It is written in the Haggadah of Pesach that we will continue to mention the redemption from Egypt even in the days of Moshiach. Why?
The character of the final redemption will be different from the character of the redemption from Egypt. After the Jews were redeemed from Egypt, much evil remained in the world, but was subdued for the moment. The powers of holiness, of good, overpowered the forces of evil, and the Jews were released from Egypt. On the other hand, with the final redemption evil will be eradicated completely. Impurity will cease to exist and only holiness and good will remain.
The ideal state is when no evil at all remains. Then we will serve G-d completely with no distractions or disturbances. As long as evil remains, even if it is subjugated, it can be awakened at any time. In that case, however, why will we continue to mention the exodus from Egypt even after the complete redemption will come? Won’t the previous redemption be completely nullified in comparison?
However, in the “lower” state there is an advantage over the higher state of the final redemption. When a person does not need to contend with constant challenges or difficulties, and life runs smoothly, his life does not reflect his complete dedication to G-d. Observance comes easily to him and fits in with his lifestyle. He lacks the quality of kabbalat ol, acceptance of Divine authority. This quality can be found only when one must overcome hardships to serve G-d.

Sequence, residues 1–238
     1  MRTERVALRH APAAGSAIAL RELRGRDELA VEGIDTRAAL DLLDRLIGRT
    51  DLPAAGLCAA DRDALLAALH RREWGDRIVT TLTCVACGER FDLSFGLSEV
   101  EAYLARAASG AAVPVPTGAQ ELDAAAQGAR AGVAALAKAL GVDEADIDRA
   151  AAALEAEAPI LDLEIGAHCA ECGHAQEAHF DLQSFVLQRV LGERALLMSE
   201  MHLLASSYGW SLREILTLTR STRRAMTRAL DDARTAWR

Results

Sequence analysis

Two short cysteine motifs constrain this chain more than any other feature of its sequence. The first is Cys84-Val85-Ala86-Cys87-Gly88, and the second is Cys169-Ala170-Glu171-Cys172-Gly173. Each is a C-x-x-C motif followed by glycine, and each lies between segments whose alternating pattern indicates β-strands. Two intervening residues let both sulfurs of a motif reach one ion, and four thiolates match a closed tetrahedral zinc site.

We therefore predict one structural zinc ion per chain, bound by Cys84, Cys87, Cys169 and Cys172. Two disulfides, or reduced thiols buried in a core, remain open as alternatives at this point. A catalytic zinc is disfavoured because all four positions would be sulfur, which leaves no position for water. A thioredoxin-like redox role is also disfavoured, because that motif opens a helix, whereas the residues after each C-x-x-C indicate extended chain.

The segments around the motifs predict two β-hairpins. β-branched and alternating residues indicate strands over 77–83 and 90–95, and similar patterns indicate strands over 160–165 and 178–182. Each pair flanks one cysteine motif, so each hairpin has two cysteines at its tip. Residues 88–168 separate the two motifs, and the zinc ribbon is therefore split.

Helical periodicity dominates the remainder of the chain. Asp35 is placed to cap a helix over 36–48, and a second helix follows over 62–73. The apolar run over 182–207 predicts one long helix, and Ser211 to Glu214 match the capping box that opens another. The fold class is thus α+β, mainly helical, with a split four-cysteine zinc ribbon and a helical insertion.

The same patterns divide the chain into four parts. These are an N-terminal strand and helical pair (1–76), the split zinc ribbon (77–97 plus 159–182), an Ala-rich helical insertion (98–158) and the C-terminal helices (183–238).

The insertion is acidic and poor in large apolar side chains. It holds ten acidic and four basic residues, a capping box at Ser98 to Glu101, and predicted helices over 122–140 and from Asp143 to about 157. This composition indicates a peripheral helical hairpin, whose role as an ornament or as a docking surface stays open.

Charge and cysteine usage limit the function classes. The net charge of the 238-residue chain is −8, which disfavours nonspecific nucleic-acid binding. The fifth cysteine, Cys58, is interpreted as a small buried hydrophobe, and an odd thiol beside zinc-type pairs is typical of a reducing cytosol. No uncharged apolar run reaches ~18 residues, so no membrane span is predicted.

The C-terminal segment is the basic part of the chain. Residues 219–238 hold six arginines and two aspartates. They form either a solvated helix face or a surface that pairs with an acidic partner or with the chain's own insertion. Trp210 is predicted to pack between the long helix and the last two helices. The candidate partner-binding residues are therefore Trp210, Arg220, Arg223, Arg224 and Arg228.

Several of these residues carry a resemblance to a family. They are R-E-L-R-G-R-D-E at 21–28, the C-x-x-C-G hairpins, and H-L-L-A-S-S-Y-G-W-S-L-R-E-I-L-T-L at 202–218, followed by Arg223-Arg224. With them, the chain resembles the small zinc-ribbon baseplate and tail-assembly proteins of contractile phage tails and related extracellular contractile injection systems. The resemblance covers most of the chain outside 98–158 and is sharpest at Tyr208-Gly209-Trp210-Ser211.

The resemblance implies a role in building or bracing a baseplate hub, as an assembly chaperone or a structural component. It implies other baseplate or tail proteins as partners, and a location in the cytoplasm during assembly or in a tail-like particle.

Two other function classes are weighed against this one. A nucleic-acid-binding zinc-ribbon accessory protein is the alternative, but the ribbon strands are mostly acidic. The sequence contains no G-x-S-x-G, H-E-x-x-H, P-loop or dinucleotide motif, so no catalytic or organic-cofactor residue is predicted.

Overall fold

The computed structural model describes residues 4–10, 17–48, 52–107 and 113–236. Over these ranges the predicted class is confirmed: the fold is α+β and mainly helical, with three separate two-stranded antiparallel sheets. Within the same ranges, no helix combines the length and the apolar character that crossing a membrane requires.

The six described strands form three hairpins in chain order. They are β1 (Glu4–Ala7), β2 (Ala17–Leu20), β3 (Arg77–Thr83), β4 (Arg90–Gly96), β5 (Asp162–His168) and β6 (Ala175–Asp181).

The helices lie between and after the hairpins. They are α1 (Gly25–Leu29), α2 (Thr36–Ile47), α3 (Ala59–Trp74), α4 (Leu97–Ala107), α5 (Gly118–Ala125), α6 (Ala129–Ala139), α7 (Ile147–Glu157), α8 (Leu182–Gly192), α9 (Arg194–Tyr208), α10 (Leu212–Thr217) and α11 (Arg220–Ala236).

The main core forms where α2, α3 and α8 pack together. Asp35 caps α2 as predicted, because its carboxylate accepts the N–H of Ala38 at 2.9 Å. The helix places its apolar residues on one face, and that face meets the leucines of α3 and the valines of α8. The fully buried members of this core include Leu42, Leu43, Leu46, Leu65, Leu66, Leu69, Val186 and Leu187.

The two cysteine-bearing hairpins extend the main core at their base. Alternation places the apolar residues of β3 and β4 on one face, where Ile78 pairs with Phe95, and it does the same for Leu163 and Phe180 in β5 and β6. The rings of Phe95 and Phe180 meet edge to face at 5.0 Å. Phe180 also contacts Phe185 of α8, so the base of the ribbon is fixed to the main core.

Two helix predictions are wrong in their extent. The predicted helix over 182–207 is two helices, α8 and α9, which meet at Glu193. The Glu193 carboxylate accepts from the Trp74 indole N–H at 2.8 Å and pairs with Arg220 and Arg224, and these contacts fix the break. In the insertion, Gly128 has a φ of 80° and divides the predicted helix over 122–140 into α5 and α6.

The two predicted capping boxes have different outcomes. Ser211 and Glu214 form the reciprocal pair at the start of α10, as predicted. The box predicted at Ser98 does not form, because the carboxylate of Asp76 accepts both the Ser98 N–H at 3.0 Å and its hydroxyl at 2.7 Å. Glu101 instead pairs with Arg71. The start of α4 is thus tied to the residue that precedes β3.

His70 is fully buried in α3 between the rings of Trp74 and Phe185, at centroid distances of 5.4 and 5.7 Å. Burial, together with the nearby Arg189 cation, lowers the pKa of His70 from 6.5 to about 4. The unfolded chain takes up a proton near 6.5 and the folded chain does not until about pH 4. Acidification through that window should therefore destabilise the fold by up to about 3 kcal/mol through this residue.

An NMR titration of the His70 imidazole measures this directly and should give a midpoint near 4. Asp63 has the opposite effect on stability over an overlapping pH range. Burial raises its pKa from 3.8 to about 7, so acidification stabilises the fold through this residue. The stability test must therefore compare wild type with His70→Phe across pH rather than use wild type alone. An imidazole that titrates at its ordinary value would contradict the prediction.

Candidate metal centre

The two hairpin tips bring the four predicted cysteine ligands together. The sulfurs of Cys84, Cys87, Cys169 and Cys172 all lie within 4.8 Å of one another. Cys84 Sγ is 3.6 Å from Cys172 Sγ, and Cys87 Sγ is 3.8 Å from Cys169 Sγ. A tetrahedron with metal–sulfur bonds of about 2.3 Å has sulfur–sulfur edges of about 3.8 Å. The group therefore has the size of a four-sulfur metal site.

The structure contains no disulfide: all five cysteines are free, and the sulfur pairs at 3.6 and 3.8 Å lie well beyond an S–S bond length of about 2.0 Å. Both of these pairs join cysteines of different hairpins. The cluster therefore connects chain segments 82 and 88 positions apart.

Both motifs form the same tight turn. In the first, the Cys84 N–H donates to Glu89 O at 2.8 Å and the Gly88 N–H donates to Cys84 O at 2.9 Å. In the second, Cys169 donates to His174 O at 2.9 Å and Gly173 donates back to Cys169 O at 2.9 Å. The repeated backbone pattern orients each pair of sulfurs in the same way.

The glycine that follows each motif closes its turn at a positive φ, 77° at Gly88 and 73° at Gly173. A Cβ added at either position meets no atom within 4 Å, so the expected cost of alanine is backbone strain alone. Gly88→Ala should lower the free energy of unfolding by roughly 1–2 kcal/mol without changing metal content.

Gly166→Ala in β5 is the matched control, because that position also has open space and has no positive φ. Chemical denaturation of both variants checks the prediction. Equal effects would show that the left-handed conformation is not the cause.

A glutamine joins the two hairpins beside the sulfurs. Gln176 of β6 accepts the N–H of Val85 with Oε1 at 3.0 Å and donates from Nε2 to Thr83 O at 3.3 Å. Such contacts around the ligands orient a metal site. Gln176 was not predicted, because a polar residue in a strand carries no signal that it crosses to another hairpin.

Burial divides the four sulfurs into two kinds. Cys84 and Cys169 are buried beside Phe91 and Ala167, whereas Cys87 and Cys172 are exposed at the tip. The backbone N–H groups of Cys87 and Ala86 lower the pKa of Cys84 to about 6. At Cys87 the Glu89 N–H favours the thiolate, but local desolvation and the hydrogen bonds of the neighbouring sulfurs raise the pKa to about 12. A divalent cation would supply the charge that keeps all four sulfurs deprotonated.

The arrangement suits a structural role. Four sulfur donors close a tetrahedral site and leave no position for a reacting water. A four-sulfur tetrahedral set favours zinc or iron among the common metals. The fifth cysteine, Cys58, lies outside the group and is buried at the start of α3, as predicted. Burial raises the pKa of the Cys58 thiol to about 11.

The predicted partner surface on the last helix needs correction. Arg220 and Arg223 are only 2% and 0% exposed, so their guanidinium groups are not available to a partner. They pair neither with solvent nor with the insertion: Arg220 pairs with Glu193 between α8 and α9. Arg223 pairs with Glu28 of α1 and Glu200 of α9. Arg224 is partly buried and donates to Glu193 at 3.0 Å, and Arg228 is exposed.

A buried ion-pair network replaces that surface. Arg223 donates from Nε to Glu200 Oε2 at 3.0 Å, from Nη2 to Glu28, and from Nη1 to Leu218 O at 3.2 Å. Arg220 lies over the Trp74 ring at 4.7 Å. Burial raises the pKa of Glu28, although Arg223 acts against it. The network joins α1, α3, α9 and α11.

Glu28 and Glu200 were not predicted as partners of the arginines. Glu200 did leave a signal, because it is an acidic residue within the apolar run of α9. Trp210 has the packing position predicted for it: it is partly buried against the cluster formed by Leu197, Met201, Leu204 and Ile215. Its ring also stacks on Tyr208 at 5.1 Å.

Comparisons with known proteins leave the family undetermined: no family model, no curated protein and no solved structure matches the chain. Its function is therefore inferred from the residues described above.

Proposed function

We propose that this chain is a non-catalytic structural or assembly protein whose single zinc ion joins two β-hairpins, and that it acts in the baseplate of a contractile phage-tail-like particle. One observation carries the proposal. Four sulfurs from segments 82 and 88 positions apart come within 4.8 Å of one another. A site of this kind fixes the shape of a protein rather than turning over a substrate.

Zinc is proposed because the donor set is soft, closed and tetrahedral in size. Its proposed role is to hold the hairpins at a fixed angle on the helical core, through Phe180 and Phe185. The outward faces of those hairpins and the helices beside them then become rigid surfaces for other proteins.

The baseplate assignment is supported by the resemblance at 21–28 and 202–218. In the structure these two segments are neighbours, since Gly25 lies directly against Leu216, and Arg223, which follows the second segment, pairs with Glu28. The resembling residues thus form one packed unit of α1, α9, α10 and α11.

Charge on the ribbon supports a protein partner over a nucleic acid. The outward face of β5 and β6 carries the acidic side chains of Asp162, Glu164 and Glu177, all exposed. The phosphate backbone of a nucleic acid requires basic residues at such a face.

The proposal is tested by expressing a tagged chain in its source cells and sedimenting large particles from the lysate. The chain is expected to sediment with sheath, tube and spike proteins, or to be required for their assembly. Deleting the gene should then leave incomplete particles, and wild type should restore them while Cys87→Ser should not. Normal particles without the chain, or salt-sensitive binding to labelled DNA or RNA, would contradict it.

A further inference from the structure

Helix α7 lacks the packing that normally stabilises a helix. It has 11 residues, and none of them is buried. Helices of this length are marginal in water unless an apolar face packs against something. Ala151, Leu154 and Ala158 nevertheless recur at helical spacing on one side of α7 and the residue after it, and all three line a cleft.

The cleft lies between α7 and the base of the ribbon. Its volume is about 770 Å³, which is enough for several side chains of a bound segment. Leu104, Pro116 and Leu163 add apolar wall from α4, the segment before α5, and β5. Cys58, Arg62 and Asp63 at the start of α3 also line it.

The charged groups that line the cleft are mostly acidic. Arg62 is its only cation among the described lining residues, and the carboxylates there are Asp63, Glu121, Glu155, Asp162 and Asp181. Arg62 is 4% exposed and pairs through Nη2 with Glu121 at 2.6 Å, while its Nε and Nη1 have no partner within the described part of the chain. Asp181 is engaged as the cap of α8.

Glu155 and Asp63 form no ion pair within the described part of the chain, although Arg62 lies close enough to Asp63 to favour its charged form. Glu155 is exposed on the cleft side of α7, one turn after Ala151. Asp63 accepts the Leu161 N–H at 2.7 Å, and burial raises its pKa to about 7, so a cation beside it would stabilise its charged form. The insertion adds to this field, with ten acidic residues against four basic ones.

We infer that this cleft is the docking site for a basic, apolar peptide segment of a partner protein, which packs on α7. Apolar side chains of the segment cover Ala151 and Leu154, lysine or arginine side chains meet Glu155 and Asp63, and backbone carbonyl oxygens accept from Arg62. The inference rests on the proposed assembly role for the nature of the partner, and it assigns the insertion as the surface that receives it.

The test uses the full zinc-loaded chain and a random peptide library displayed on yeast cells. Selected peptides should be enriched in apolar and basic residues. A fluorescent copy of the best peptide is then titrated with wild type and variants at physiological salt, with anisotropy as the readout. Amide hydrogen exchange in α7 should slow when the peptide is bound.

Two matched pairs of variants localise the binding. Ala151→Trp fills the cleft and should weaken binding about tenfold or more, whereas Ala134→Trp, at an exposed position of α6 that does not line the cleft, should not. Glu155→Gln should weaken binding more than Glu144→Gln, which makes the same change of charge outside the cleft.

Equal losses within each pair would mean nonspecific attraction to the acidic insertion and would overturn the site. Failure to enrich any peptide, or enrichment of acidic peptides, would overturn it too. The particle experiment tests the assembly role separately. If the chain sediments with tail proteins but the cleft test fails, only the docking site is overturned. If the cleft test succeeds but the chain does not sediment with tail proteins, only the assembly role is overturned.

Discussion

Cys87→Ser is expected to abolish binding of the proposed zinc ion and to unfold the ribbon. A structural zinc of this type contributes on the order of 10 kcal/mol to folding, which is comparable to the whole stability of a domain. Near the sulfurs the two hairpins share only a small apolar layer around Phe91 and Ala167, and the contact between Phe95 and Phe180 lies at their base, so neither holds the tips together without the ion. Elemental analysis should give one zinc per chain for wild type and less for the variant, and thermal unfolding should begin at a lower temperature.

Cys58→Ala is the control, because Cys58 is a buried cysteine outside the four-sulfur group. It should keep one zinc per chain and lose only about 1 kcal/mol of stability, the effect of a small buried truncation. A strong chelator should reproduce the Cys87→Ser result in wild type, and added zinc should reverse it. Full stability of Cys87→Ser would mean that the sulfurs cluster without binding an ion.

In a practical sense, the ultimate redemption will also have the benefits of the redemption from Egypt. The teachings of Chassidut expand on the concept that even though the forces of impurity will be eradicated, we will still have the quality of kabbalat ol. Therefore, we will continue to mention the exodus from Egypt even after the final redemption, even though it will be secondary to the ultimate redemption.
(Sefer Hamaamarim Melukat, vol. 2, p. 37. Likutei Sichot vol. 17, p. 125.)